Four worlds, huh? I’m suspicious. Do we have some sort of archetypal memory of the utter cataclysms that preceded us and likely await us in the future? Personally, I think four worlds is one world too many, but then again I don’t like to multitask. Now we might be inclined to dismiss this as symbolic, if the notion of four worlds before our own didn’t keep popping up across time and culture. Seems like we’re trying to tell ourselves something. I think we can be reasonably certain that there wasn’t a lot of theological discussion between the Navajo and Jewish Kabbalists. Nobody had bothered to invent chat rooms yet. A notable oversight, but probably led to a few thousand extra years of civilized discourse. Good times. So sad it’s over. Curiously, the idea of four worlds preceding our own also rears its ugly head in the creation myth that permeates Jewish mysticism (Kabbalah, for those of you who haven’t been following Madonna’s career). The cliff notes version is that God is a nice guy and decides to contract himself, making room in the universe for something else, proceeding to emanate his divinity out there into existence in the form of four worlds. Oh, and did I mention that those celestial emanations were too powerful to contain, and per the myth, shattered. Evidently, God did not build to code. Wait a second. Jesus was a carpenter. Coincidence? Just saying.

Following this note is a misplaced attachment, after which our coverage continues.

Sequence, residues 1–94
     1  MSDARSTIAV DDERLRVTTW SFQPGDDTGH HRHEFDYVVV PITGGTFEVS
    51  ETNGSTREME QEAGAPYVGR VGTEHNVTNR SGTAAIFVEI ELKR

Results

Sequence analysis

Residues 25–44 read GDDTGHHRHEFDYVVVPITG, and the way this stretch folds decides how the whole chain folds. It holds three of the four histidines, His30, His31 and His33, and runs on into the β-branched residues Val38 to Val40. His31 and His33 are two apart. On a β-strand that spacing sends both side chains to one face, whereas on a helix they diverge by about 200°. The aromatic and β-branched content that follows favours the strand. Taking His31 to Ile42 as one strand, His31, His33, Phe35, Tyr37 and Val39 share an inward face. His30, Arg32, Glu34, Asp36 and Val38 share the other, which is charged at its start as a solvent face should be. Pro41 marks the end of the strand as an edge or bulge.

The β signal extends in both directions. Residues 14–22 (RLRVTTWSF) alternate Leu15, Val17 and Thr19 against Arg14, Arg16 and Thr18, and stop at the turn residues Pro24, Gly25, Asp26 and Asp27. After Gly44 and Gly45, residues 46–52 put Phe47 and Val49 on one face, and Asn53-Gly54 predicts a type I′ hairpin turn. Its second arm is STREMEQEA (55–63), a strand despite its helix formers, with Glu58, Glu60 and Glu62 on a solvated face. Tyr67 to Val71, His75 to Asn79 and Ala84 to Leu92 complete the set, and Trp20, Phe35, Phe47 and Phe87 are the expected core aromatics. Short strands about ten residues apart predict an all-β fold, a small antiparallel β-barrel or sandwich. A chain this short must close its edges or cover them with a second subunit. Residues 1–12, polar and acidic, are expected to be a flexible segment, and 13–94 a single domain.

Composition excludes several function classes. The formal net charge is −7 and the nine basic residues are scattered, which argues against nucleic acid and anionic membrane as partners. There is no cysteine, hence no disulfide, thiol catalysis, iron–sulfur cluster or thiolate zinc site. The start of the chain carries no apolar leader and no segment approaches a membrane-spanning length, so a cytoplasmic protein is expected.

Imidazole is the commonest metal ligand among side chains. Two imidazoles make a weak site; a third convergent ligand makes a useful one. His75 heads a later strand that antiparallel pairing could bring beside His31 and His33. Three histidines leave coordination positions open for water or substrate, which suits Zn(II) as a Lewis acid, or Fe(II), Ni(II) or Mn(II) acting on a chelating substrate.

According to a later theorem four worlds proceed by an emanation in different gradations. This is expressed by Ibn Latif thus: As the point extends and thickens into a line, the line into the plane, the plane into the expanded body, thus God’s self-manifestation unfolds itself in the different worlds. In each of these four worlds the ten Sephiroth recur. The first Sephirah gave birth to the Olam azila or “world of emanation,” containing the powers of the divine plan of the world. Its beings have the same nature as that belonging to the world of the Sephiroth or to the Adam Kadmon [prototype for man]. This world which is also called the olam ha-sephiroth, i. e., “the world of the Sephiroth,”is the seat of the Shechinah. From the olam azila proceeded the olam beria or “world of creation,” in which according to Rabbi Isaac Nasir are the souls of the saints, all the blessings, the throne of the Deity, and the palaces of all spiritual and moral perfection. The olam beria gave birth to the olam jezlrah or “world of formation,” in which dwell the holy angels, whose prince is Metatron. But there are also the demons, which on account of their grossly sensual nature are called Keliphoth, “shells,” and inhabit the planets and other heavenly bodies or the realm of the ether. The fourth world is called olam assiya, the “world of action.” Its substances consist of matter limited by space and perceptible to the senses in a multiplicity of forms. It is subject to constant changes, generations, and corruptions, and is the abode of the Evil Spirit. Like the Talmud and the Midrash, the Zohar represents the optimistic view, that the present world is the best. Thus we read (Zohar, III, 292b: (“There were old worlds, which perished as soon as they came into existence; they were formless, and were called sparks. Thus the smith when hammering the iron, lets the sparks fly in all directions. These sparks are the primordial worlds, which could not continue, because the Sacred Aged had not as yet assumed his form (of opposite sexes—the King and Queen), and the Master was not yet at his work.” And again we read (III, 616): “The Holy One, blessed be he, created and destroyed several worlds before the present one was made, and when this last work was nigh completed, all the things of this world, all the creatures of the universe, in whatever age they were to exist, before they entered into this world, were present before God in their true form. Thus are the words of Ecclesiastes to be understood. “The thing that hath been, it is that which shall be; and that which is done is that which shall be done” (Pick, 1913, p75-76).